(**Please only use the approved images in the Chanel Box folder for the story. Captions are included.)
Wes Gordon for Carolina Herrera
What do you believe was the biggest impact of receiving this award for the Carolina Herrera brand?
Wes Gordon: Neiman Marcus has been a partner since the inception of the brand when Carolina Herrera founded the house in 1981. We deeply cherish four decades of loyalty, partnership and friendship with the group. It is even more special to us that the last time the Distinguished Service Award was given out in 2016, it was bestowed upon Carolina Herrera herself. We are delighted to see this award revived in 2023.
Can you describe the brand’s relationship with Neiman Marcus and how the partnership has impacted Carolina Herrera (the brand) throughout the years, including present day?
W.G.: Neiman Marcus and Carolina Herrera share an inherent love and appreciation for the magic of fashion. As a luxury American house that continues to thrive at the heart of the Garment District on Seventh Avenue, Neiman Marcus has been an unwavering supporter of Carolina Herrera and the American fashion industry through the thick and thin, most recently as a steadfast partner throughout the pandemic.
The client continues to be at the center of our symbiotic partnership with Neiman Marcus. A significant aspect of my role as designer and creative director that I immensely enjoy and savor is meeting clients on the road in partnership with Neiman Marcus, in locations across the country. The conversations I have with these amazing women is so invaluable to me as a designer. We are so appreciative of Geoffroy [van Raemdonck], Lana [Todorovich] and the Neiman Marcus Group’s continued support of Carolina Herrera.
What was happening at Carolina Herrera during the time she won the award in 2016? Any specific launches, categories, ad campaigns, styles, etc. during this time?
W.G.: 2016 marked the 35th anniversary of Carolina Herrera, with the release of the “Carolina Herrera 35 Years of Fashion” book by Rizzoli. It was a time of reflection and triumph for Mrs. Herrera, and the award was not only an acknowledgement of this milestone, but a celebration of the very best of American Fashion, reinforcing our commitment to the customer and the fashion industry at large.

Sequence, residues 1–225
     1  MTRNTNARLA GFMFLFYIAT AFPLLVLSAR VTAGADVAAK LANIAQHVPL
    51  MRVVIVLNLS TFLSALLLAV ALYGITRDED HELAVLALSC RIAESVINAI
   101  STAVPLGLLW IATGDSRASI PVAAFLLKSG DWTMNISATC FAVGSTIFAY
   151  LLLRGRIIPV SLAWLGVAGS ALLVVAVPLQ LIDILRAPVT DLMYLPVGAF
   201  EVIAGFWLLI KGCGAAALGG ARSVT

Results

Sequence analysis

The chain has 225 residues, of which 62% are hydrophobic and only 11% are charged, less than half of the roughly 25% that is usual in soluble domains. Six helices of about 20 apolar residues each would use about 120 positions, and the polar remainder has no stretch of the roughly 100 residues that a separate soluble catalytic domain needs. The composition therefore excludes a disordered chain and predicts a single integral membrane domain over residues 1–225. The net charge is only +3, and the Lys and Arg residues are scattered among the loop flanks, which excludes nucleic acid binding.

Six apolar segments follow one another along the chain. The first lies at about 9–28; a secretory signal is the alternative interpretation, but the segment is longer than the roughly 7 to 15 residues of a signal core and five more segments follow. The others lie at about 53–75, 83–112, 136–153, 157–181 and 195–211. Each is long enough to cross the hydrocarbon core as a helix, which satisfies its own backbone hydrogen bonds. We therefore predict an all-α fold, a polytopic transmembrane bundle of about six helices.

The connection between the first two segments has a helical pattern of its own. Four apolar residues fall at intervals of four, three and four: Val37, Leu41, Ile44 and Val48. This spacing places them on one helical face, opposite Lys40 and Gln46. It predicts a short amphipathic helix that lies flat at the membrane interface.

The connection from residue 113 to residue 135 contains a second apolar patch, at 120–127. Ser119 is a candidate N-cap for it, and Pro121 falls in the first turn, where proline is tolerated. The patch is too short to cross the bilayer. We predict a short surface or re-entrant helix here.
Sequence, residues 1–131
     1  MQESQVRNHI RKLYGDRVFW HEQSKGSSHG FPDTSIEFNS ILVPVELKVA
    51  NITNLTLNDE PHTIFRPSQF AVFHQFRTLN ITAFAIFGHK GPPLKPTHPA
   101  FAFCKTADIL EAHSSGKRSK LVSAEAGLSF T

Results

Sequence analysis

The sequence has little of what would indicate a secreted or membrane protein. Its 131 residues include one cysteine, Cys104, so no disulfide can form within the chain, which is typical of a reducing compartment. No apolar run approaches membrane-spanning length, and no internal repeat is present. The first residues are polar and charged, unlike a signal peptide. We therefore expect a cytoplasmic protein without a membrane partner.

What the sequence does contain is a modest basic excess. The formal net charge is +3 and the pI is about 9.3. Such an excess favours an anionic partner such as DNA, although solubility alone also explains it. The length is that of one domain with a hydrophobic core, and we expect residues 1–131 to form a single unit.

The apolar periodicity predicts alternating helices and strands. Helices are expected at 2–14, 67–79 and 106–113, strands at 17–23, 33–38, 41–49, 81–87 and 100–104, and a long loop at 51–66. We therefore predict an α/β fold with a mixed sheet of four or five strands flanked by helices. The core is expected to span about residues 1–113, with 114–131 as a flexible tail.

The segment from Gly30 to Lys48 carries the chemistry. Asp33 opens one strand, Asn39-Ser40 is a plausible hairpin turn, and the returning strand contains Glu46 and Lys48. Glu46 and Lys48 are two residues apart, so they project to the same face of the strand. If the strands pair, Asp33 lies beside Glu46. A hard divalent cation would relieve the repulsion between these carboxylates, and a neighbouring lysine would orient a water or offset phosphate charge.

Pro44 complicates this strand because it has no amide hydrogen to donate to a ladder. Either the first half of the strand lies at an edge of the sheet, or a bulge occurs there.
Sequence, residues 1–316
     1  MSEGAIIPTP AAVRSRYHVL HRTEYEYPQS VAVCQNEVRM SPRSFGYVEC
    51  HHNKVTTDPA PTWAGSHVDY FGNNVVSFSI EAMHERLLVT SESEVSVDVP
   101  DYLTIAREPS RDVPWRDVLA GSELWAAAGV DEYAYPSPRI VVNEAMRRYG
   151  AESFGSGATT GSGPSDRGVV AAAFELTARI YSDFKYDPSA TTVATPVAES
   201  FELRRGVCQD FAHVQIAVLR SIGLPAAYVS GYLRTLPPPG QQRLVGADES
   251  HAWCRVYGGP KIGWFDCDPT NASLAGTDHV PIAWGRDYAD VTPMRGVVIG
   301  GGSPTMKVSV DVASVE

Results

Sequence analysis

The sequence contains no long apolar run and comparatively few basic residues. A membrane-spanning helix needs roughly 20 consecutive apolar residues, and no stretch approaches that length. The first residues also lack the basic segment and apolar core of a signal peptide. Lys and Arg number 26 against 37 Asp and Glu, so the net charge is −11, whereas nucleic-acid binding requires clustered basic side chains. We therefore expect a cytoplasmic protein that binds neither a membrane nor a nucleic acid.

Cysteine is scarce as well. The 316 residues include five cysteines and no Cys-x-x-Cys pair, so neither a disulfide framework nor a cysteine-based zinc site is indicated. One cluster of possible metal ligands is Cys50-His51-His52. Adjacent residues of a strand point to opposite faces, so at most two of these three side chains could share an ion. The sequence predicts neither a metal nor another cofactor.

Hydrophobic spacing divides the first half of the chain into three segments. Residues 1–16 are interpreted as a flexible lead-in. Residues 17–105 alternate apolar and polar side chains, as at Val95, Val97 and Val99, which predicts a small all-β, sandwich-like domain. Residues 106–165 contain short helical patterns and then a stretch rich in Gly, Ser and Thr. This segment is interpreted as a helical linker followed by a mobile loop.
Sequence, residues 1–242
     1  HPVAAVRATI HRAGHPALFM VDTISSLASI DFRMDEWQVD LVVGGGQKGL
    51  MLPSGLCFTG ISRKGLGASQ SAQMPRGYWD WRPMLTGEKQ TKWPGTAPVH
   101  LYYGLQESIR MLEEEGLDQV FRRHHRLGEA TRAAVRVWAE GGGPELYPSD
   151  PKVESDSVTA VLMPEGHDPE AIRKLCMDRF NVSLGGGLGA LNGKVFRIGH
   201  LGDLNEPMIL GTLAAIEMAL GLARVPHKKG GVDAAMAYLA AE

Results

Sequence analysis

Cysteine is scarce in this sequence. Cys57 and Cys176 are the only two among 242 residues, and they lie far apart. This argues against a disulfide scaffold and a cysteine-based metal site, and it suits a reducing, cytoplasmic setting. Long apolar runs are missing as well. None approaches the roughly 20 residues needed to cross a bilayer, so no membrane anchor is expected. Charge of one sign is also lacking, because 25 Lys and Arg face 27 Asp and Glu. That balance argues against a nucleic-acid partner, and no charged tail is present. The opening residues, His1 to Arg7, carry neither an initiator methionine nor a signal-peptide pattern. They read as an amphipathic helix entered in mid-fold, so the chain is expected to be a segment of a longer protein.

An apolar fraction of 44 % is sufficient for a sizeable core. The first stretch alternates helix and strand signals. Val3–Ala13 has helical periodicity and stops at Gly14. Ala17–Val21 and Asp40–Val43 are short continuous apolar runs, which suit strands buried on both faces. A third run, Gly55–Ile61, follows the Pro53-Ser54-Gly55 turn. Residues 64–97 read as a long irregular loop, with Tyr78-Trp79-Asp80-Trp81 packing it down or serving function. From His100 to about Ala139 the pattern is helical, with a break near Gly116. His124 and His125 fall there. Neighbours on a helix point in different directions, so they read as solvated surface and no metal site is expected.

Rosita Missoni for Missoni (1973 award recipient)
What do you believe was the biggest impact of receiving this award for Missoni?
Rosita Missoni: In 1973 the Neiman Marcus Fashion Award was our first international prize. For us the equivalent of an Oscar. The award, among the many we have collected, was the first and the one we feel most proud of. For me and Ottavio personally, it was a very important award as a recognition of the style that we had invented: “Husband and wife team, whose alchemy has produced new dimensions and color relationships from the crucibles of the traditional knitting machines, and whose daringness has made them the most potent force in knitwear for women and men.” For the brand, it was even more important driving it toward fame on the American market. Communication wasn’t global as it is today, at the time it was limited to insiders. Today such an award would have worldwide and capillary resonance.
Can you describe Missoni’s relationship with Neiman Marcus and how the partnership has impacted the brand throughout the years, including present day?
R.M.: The relationship between Missoni and Neiman Marcus was above all a story between people. We met with Stanley Marcus in 1970 at The Plaza hotel in New York where Diana Vreeland had arranged a meeting with the most prestigious American buyers together with the entire editorial staff of Vogue USA. He surprisingly appeared in person and since then, we remained friends with him and his wife for life. We entered the doors of Neiman Marcus in 1971 and despite changes and developments over time, Missoni has always remained present in their stores. For Missoni, it is the longest continuous collaboration the brand has ever had in its commercial history.